Rami Abi Ammar
A gruesome image of a dismembered kitten posted by a student on “AUB Courses/Teachers Guru”, a Facebook group with more than 17,000 members from the AUB community, shook the AUB community on Thursday, Oct.12.
The young Tabby was found outside the campus cat clinic around 6 am, by cat-feeder and caretaker Zena Jureidini, as she was about to start her morning rounds. When found, the cat’s limbs and jaw seemed to be freshly severed.
Zena sent a picture to the AUB vet, as well as a student, who would later end up sharing the image on Facebook. The post evoked immediate speculation around who, or what, the perpetrator could be.
Some students suggested that other cats might have killed the kitten, alluding to the tendency of male cats or even mother cats to kill or eat their sick kittens. However, a majority agreed that the brutal and rather precise mode of mutilation could only have been inflicted by a human.
This is not the first time the AUB community witnesses such a violent crime against campus cats. Seven kittens were murdered on three separate occasions back in Spring 2015, at the hands of the infamous “cat serial killer”. The perpetrator was caught and subsequently banned from campus.
The recent dismemberment did raise concern over the return of the “cat serial killer”, as well as concerns over security and the university’s protection of its familiar cat population.
It has been pointed out, however, that the different technique used, and the time of the murder, make it unlikely that the same serial killer is back. This is yet to be confirmed.
An official email from the Environmental Health, Safety and Risk Management department addressed the issue the following day. In the email, Director Farouk Merhebi condemned the cruel incident and assured the AUB community that investigations were underway.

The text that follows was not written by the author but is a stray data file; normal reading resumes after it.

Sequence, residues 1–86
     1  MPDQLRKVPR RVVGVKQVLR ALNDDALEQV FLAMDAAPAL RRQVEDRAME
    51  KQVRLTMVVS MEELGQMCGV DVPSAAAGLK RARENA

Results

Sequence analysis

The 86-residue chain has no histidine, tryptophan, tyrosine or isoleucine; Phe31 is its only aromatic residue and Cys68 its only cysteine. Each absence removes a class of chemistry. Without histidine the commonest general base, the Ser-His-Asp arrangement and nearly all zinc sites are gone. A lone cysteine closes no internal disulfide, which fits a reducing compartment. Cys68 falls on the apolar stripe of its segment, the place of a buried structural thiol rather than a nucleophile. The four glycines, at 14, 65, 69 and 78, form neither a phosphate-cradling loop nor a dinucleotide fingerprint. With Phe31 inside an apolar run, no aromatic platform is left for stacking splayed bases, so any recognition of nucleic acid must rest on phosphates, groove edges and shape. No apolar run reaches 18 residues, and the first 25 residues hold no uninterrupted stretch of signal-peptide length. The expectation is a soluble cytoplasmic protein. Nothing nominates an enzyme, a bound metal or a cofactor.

“The investigation did provide evidence that some people are behind this act, however we cannot declare anything yet,” Merhebi told Outlook. “The findings will be announced in due time.”
This story goes beyond the isolated incident of the slaughtered kitten. As addressed in both the Facebook post and Merhebi’s email, there is controversy surrounding the university’s policy and practices towards campus cats. This comes after rumors of the current administration’s plans to reduce the cat population. Merhebi denied all claims in this regard.
“There is nothing official being done to reduce the number of cats on campus,” Merhebi said. “All what we are doing is spaying and neutering the cats, and the vet is treating new kittens and putting them up for adoption. This has always been the case.”
Merhebi has been working on the campus cats case for several years and keeps well-documented files of all operations done by the AUB vet.
“What we are seeing on campus recently is not in fact a reduction, but we are seeing an increase in the number of kittens. There are around 22 kittens currently at the cat clinic, which is a number that has never been seen before,” he said.
On the rumors, Merhebi was very firm in pointing out that a certain group may be set out to defame AUB’s reputation. He told Outlook that his department and the President’s Office have been bombarded with emails from non-AUB accounts that contain outrageous accusations in regards to the cat policies.
“The circulating claims have no basis and serve no purpose besides defamation of the university’s reputation,” Merhebi said.
He also went as far as to imply that the recent attack might have been a ploy or a deliberate act by the same group who is sending the emails.
On the other side of this issue, there is a large community of cat-lovers who are pushing for better care. Many have started taking matters into their own hands.
“It breaks my heart to see this happening to our cats,” said one of cat-lovers who prefered to stay anonymous. “I have to feed them or sometimes take them to vets myself. What is being done is not enough.”
As they wait for the findings of the investigation to come out, those who are concerned with the well-being of the cats demand more communication and transparency from the administration. A new, better-studied, and more collaborative policy may be in order to ensure a healthier and safer campus for our cats.